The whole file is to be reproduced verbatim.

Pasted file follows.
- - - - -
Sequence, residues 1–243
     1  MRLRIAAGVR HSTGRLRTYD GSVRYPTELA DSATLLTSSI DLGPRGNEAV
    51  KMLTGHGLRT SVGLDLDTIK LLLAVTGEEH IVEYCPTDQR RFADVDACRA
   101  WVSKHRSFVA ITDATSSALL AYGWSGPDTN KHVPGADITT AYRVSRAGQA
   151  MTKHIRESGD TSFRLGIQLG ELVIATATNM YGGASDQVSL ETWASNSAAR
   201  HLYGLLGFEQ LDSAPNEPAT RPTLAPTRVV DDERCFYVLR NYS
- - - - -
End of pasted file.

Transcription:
Sequence, residues 1–243
     1  MRLRIAAGVR HSTGRLRTYD GSVRYPTELA DSATLLTSSI DLGPRGNEAV
    51  KMLTGHGLRT SVGLDLDTIK LLLAVTGEEH IVEYCPTDQR RFADVDACRA
   101  WVSKHRSFVA ITDATSSALL AYGWSGPDTN KHVPGADITT AYRVSRAGQA
   151  MTKHIRESGD TSFRLGIQLG ELVIATATNM YGGASDQVSL ETWASNSAAR
   201  HLYGLLGFEQ LDSAPNEPAT RPTLAPTRVV DDERCFYVLR NYS